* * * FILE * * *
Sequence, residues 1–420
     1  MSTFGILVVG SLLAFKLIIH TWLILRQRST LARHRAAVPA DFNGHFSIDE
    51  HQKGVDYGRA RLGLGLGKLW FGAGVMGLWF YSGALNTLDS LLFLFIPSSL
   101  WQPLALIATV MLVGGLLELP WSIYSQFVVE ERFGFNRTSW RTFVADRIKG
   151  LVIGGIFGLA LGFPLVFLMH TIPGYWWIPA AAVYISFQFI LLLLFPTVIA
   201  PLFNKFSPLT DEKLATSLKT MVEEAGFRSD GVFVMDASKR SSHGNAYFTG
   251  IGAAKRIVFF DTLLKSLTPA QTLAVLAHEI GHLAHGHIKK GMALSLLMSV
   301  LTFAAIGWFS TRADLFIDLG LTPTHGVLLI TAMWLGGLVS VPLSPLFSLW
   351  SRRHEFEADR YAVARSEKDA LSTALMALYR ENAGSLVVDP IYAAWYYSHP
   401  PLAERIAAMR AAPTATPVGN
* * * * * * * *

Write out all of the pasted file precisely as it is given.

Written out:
Sequence, residues 1–420
     1  MSTFGILVVG SLLAFKLIIH TWLILRQRST LARHRAAVPA DFNGHFSIDE
    51  HQKGVDYGRA RLGLGLGKLW FGAGVMGLWF YSGALNTLDS LLFLFIPSSL
   101  WQPLALIATV MLVGGLLELP WSIYSQFVVE ERFGFNRTSW RTFVADRIKG
   151  LVIGGIFGLA LGFPLVFLMH TIPGYWWIPA AAVYISFQFI LLLLFPTVIA
   201  PLFNKFSPLT DEKLATSLKT MVEEAGFRSD GVFVMDASKR SSHGNAYFTG
   251  IGAAKRIVFF DTLLKSLTPA QTLAVLAHEI GHLAHGHIKK GMALSLLMSV
   301  LTFAAIGWFS TRADLFIDLG LTPTHGVLLI TAMWLGGLVS VPLSPLFSLW
   351  SRRHEFEADR YAVARSEKDA LSTALMALYR ENAGSLVVDP IYAAWYYSHP
   401  PLAERIAAMR AAPTATPVGN